Founded in 1876, Johns Hopkins was the nation’s first research university and its influence on American higher education has been profound. Since its inception, the university’s commitment to excellence has firmly established the university as a leader in both research and education.
Mechanical Engineering was one of the three engineering concentrations first offered at Hopkins in the early 1900s. Since that time, the department’s contributions to engineering education and research at the university have been ground-breaking.
In the 1960s and 1970s, the Johns Hopkins Mechanics and Materials Science Department (precursor to several of today’s engineering departments at Hopkins, including Mechanical Engineering) led the fields of continuum mechanics, theoretical and experimental fluid and solid mechanics, and thermodynamics.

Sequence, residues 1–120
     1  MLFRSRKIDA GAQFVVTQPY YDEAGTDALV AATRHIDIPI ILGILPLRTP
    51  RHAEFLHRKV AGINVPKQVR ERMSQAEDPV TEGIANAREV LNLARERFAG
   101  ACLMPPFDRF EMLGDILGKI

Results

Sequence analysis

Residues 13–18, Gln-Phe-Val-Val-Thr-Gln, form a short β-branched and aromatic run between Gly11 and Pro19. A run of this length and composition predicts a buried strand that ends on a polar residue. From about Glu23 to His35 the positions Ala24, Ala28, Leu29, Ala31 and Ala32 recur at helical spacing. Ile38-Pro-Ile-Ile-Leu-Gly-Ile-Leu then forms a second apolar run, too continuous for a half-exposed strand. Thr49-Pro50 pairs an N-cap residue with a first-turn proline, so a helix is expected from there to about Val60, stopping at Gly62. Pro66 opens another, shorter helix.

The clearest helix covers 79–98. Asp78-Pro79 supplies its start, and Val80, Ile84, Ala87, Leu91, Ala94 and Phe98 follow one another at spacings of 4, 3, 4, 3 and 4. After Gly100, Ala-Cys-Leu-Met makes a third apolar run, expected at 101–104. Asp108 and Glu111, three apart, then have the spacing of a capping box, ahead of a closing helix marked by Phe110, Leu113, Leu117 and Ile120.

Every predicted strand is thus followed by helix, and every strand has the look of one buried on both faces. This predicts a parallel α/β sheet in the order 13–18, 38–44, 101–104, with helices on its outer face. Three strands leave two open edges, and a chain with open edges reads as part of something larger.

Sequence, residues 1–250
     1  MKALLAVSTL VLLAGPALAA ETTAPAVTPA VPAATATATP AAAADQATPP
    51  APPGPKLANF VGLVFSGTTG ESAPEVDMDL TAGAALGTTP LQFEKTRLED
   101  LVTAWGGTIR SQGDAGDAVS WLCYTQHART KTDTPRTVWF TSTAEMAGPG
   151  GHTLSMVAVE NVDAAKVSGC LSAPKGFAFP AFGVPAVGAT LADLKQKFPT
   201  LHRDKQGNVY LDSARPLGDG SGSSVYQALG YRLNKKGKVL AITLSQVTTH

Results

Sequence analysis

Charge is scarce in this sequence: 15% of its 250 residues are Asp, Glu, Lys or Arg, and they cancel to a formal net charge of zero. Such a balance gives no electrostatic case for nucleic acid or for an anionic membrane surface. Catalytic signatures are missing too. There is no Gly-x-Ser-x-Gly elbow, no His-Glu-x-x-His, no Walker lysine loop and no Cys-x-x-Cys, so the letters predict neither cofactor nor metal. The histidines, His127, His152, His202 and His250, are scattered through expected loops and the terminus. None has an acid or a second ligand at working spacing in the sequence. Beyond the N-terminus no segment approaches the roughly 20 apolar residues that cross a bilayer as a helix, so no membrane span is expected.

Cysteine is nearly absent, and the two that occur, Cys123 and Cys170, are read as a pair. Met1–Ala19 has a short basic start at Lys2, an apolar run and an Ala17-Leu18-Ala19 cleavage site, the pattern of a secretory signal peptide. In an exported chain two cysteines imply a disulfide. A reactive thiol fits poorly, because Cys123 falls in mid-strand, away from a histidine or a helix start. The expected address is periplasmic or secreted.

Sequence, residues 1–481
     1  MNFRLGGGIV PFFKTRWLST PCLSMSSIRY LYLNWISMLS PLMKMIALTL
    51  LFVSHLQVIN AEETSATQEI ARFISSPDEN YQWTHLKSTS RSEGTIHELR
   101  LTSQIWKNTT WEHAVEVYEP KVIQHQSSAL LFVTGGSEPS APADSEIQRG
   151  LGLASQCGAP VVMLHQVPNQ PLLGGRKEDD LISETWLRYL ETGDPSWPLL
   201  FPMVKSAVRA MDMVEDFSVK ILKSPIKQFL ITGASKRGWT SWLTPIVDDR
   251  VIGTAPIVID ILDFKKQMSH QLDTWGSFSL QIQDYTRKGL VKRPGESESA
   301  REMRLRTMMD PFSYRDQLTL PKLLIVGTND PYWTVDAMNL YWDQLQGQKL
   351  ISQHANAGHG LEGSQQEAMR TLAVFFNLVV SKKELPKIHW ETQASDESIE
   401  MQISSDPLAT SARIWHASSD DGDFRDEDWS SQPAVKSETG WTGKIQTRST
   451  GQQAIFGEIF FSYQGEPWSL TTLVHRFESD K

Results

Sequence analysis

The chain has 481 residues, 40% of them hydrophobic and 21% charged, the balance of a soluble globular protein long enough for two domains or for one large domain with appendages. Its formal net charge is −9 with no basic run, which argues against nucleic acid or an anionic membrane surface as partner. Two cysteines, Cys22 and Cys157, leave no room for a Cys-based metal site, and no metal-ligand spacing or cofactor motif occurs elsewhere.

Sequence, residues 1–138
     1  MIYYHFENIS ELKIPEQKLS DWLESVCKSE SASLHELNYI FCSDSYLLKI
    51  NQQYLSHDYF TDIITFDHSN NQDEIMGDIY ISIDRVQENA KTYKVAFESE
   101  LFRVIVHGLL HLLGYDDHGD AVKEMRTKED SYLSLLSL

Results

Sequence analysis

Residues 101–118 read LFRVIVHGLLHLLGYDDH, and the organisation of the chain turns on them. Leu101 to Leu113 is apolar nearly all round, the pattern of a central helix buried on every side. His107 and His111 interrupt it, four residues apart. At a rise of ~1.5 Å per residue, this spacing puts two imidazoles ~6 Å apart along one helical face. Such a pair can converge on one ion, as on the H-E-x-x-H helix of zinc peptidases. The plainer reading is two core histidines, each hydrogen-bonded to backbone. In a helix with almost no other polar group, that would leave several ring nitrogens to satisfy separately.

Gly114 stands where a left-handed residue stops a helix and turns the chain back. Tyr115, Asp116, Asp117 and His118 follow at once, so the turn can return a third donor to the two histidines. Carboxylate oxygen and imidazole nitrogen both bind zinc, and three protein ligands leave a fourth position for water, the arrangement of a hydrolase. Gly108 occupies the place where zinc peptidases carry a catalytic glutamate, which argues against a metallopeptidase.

Many of today’s academic leaders in engineering and applied mathematics departments in universities world-over were either students, postdocs, or visiting faculty at Johns Hopkins (several are members of the prestigious Johns Hopkins Society of Scholars). Visit the list of former students and scholars for more information about these leaders.
Today, the Johns Hopkins Department of Mechanical Engineering community encompasses about 500 people – faculty members, undergraduate students, graduate students, post-doctoral fellows, visiting scholars and staff members who contribute to an exciting environment for learning and discovery.